In this study of a well defined RA population, we demonstrated a reduced incidence of primary THA in 2002 to 2006 compared to 1998 to 2001. By contrast, there was no significant change in the incidence of TKA. Our results are compatible with previous studies indicating a reduced rate of joint surgery overall in patients with RA [5
], and a decreased rate of arthroplasty relative to the non-RA background population [4
]. In contrast with our findings, the California State Database reported a decrease over time in 1983 to 2001 in the rate of primary TKA in patients with RA [20
]. Changes in coding practice and reimbursement for joint replacement surgery may explain the results from the latter study, although we cannot exclude that a global decline in the frequency of knee arthroplasties has been followed by stabilization or increase after the turn of the century.
Our results also differ from recent data from a Scandinavian survey of the national knee arthroplasty registers, in which a reduced incidence of TKA in Sweden over time was found [8
]. Several methodological issues may explain these discrepancies. First, the present study used a defined set of RA patients with a validated diagnosis, whereas in the national TKA study the diagnosis of RA was based on the report from the orthopedic surgeon. Increasing misclassification of overall milder cases of RA over time would affect analyses of longitudinal trends. Second, we studied the incidence of the first TKA in the local RA population; whereas the national study investigated the incidence of all RA related TKA, with the entire Swedish population as the denominator. In the national study, a systematic change in the reporting of RA patients to the register may bias the findings. On the other hand, the precision of the estimates in the present study are limited due to the small sample size. Finally, there was no decrease in the incidence of RA related TKA in Denmark in the Scandinavian survey, indicating that geographical differences may play a role.
Potential explanations for the reduced rate of THA include reduced RA related joint damage due to better management of RA. Treatment strategies for RA have changed markedly over the past three decades, with the introduction of early and aggressive treatment. In the present study population an increasing use of DMARDs (52% to 87%) and TNF-inhibitors (0% to 20%) from 1997 to 2005 together with substantial improvements in median health assessment questionnaire disability index and Short Form (36) health survey score levels have previously been reported [21
]. The timing of our study thus coincides with the establishment of tumor necrosis factor (TNF) inhibitors in the standard of care of patients with severe RA. These agents were introduced in the late 1990's, and used more extensively after 2002. There is extensive evidence for a reduced peripheral joint damage in patients with RA treated with TNF inhibitors [22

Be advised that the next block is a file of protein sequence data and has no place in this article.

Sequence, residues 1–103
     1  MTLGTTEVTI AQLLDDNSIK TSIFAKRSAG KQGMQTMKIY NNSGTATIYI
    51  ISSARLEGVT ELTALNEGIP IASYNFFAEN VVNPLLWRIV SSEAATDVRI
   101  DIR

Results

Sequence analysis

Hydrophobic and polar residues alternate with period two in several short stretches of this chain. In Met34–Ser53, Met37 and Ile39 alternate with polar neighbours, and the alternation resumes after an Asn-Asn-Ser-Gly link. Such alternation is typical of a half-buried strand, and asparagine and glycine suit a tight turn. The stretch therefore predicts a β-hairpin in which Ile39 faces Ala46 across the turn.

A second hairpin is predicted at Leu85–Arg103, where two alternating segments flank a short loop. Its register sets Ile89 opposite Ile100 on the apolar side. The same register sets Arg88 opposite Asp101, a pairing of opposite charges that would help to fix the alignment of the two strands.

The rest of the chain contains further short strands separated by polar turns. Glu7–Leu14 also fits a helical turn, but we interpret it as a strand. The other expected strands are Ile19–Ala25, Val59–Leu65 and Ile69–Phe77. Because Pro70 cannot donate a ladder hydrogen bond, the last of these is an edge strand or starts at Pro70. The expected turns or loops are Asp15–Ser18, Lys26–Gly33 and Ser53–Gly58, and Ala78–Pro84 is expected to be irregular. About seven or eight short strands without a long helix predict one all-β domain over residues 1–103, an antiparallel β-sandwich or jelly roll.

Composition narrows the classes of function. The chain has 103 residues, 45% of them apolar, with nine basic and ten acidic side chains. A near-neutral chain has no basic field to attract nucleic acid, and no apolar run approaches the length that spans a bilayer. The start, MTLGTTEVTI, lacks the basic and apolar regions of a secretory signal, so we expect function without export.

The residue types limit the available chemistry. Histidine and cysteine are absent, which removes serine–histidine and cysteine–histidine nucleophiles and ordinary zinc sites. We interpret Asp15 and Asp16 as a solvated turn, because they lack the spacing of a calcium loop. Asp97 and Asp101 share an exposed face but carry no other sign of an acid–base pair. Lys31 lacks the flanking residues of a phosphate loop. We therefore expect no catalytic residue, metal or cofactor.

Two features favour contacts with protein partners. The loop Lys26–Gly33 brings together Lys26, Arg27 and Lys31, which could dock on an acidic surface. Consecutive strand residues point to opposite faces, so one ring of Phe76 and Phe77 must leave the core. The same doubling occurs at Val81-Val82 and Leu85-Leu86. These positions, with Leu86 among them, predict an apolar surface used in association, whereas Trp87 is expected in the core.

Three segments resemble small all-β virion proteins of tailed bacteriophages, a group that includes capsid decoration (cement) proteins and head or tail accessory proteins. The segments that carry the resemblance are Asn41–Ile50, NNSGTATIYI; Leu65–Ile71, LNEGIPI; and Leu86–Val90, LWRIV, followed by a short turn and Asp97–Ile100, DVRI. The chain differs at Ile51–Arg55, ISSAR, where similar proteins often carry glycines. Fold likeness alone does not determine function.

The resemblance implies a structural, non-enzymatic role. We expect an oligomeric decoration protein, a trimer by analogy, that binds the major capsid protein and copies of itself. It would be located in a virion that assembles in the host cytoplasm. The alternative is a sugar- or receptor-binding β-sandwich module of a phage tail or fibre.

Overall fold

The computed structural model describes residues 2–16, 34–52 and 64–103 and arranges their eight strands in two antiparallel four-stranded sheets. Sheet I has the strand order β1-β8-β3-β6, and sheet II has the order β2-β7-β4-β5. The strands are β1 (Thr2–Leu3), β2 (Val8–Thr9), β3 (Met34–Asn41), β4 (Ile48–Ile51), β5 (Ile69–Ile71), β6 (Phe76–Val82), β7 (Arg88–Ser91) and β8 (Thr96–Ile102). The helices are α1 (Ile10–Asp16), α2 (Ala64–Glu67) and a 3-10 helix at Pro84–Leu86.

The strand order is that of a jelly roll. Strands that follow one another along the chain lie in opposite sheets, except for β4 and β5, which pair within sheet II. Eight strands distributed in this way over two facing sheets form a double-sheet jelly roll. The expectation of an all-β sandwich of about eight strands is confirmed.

], and such treatment could also prevent hip destruction. Other changes in RA management may also have contributed to the decline in THA surgery.
The contrasting pattern for knee arthroplasties may indicate that mechanisms of joint destruction may be partly different in knees and hips. In a systematic study of multiple sections from the cartilage-pannus junction of RA joints, invasive pannus formation with major cartilage degradation was more frequent in hip joints, and osteophyte formation was more frequent in knee joints . TNF inhibitors and other drugs could, therefore, be less successful in preventing knee damage. A second possible explanation could be that criteria for knee arthroplasty in RA have changed over time or TKA has become more available compared to THA. Such hypothetical changes could possibly result in TKA being performed in patients with less severe disease, relative to THA. However, there are presently no data supporting such changes in Sweden.
Limitations of the present study are due to the sample size, which results in a limited number of primary joint arthroplasties. In addition, the patients were mostly Caucasians from a single urban area in southern Sweden, and the findings may not apply to other settings. In theory, the results could partly reflect local changes in this district, but we consider it unlikely that changes in indications for surgery would be substantially different from other areas in Scandinavia. Our study is based on only eight years of observation, but the need for total joint arthroplasty is an important severe long-term outcome of RA and should be investigated over longer periods. On the other hand, some long term studies have suffered from problems related to changes in coding practice (such as the transition from the International Classification of Diseases (ICD) -9 to the ICD-10 system in 1998 for a previous national Swedish study) [6
The mean age of the cohort increased slightly over time. Based on this, a minor increase in the rate of incident arthroplasties would be expected, but this is unlikely to have had any major impact on our results. Changes in body mass index and physical activity may also have influenced our results, but no such data are available.
Major strengths of our study include the community based approach, which limits selection bias, and the validated RA diagnosis based on the 1987 ACR criteria, which contrasts with studies based on patient administrative databases alone. Furthermore, the use of national registers for joint arthroplasties mean that we were likely to identify virtually all THA and TKA in the cohort, including those performed in hospitals in other parts of Sweden.